Next, the scores obtained by the participants on the scales that measure affect and social skills were analysed (Table 2). Differences were only found in negative affects (p = 0.002; d = −0.311), with higher scores in the case of women. In social skills, men obtained higher scores in the factor corresponding to self-reveal (p = 0.011; d = 0.141).
Following this, the results of the affect and social skills scales were analysed in relation to parenting styles. The results (Table 3) reveal significant differences. Children educated under democratic and permissive regimes scored higher in all affect- and social-skills-related variables. Children educated under a democratic regime scored higher in terms of positive affects and those variables in the emotional skill scale related to self-reveal, emotional support, negative assertion and initiation. Children educated under a permissive regime scored higher in terms of negative affects and conflict management.
Afterwards, the scores were divided into three groups, based on averages and standard deviations (low, medium and high). Table 4 shows that democratic parenting styles lead to high positive affects and social skills, permissive parenting styles result in high negative affects (up to one in five participants educated under a permissive regime scored high in this variable), emotional support and social skills, authoritative parenting styles lead to very high scores in either positive or negative affects and finally, neglectful parenting styles result in low average scores in the variable positive affects and all the variables related to social skills.
Finally, in order to test the second hypothesis, mediation analysis was carried out following Baron and Kenny [57]. After ensuring that the study met all the requisites pointed out by these authors, Hayes’s [58] SPSS 24.0 d Process 3.5 macro was used. The mediation analysis took into consideration gender and age variables, which were found not to have a significant effect on the relationship between parenting styles and social skills.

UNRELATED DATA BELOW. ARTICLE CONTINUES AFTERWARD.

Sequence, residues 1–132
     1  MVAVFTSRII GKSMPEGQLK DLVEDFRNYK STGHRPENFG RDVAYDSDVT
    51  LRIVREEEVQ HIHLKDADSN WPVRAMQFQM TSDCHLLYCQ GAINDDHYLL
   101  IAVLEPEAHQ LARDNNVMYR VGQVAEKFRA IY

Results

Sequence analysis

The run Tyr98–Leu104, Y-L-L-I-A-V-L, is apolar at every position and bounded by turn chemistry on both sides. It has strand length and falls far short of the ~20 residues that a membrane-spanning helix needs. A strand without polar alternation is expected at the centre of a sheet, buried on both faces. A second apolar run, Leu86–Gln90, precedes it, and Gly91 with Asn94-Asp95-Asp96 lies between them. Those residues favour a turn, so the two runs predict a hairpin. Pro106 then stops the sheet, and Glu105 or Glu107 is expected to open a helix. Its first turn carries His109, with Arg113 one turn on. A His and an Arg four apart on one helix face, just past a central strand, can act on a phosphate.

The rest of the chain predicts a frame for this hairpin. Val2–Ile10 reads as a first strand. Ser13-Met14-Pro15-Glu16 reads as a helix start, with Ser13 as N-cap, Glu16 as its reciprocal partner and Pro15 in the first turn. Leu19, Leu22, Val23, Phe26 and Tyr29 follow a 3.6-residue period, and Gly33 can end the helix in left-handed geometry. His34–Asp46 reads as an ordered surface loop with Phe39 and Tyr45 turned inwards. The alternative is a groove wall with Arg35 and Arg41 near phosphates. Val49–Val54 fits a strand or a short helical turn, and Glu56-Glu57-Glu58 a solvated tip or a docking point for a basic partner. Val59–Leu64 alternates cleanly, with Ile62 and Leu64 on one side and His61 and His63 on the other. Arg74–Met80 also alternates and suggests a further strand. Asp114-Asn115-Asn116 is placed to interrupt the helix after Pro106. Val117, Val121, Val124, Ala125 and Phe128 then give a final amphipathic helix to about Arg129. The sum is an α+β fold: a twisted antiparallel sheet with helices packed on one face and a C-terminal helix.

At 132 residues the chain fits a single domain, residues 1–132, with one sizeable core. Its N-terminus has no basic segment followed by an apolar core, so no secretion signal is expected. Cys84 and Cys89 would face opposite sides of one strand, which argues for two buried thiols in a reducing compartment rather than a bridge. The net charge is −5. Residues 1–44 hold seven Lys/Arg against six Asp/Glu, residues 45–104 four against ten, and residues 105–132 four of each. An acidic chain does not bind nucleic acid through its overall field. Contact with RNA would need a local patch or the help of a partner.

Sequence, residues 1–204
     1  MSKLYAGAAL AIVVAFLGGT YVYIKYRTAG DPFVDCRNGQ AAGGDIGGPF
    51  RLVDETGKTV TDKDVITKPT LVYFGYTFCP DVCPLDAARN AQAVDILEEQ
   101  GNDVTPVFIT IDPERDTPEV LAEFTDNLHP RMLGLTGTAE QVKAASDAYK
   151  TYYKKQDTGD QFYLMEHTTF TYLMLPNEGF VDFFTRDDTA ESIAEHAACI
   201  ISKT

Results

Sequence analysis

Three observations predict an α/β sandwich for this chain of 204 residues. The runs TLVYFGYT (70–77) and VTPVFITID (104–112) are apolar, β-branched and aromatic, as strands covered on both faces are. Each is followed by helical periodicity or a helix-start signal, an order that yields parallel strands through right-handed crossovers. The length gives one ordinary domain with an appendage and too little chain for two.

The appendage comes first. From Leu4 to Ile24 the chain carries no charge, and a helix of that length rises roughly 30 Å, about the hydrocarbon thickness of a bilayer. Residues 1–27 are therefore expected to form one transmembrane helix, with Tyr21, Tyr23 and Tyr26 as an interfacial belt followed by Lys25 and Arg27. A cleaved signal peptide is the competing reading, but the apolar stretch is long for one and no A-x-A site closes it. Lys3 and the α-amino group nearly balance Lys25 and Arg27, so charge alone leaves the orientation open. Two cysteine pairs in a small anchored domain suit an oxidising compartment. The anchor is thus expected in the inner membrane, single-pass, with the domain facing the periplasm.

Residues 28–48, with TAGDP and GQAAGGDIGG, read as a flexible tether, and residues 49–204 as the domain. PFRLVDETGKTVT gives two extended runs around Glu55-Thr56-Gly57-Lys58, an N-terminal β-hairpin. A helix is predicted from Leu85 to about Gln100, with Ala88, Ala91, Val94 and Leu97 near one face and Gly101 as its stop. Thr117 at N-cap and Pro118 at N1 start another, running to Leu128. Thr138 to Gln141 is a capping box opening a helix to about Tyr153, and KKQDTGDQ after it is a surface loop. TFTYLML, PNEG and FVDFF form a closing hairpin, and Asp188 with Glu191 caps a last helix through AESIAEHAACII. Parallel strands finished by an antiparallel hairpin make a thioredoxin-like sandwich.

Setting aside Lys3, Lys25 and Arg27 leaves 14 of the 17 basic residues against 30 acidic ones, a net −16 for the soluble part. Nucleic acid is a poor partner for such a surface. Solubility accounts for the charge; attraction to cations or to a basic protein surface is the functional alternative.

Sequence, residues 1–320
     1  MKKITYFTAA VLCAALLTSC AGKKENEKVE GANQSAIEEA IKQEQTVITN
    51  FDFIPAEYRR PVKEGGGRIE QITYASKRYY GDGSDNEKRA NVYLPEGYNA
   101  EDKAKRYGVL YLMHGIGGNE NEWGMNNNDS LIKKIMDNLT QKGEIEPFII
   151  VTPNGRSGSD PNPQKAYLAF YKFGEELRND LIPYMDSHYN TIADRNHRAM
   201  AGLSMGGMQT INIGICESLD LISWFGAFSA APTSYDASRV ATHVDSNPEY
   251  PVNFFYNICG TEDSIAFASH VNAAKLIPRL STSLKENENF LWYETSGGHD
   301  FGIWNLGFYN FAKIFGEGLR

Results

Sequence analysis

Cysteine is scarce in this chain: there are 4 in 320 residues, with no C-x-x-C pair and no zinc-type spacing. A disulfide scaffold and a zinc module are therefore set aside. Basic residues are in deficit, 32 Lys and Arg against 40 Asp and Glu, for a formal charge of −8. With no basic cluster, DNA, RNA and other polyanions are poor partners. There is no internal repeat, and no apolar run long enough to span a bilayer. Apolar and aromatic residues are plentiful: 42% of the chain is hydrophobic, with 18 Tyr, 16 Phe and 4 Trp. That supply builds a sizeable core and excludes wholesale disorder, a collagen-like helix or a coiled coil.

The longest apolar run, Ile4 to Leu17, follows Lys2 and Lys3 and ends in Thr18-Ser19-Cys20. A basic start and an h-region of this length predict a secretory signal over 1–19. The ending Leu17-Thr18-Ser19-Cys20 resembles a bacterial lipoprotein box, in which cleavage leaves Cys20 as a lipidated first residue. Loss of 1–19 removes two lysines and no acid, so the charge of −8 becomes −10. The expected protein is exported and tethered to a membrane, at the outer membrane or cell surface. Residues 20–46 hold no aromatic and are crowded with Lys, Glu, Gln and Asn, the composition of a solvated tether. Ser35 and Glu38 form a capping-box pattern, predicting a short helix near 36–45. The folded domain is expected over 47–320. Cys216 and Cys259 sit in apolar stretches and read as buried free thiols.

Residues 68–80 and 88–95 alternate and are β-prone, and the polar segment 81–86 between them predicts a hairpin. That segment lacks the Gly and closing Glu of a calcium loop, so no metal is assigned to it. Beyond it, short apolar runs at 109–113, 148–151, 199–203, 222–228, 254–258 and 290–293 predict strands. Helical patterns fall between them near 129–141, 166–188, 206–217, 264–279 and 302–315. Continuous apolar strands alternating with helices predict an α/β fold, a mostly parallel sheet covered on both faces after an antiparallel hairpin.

In order to determine that the mediation effect was statistically significant, bootstrapping analysis (10,000 runs) and Sobel’s test were conducted. It was found that positive, but not negative, affects play a mediating role in the relationship between parenting styles and social skills. The results suggest that parenting styles (VI) are a mediating variable (VM) on positive affects (−0.33) and on negative affects (−0.14) (in both cases p < 0.001). In addition, social skills are a mediating variable (VD) on positive affects (0.20) and negative affects (−0.07). Zero was not included in the bootstrap interval, IC 95% [−0.37, −0.10], and the result of Sobel’s test indicates that the value of c’ is statistically significant (z = 2.41; p = 0.005); therefore, the mediation effect can be said to be total (Figure 1).
Following the hypothesis, it was found that educational styles have a positive effect on social skills (−0.18) (p < 0.001) and a total effect (direct + indirect effect) of −0.06 (p < 0.001), mediated by positive affects, which demonstrates that affects play a mediating role in the relationship between parenting styles and social skills. The proportion of variance for social skills as explained by the model was R2 = 0.16.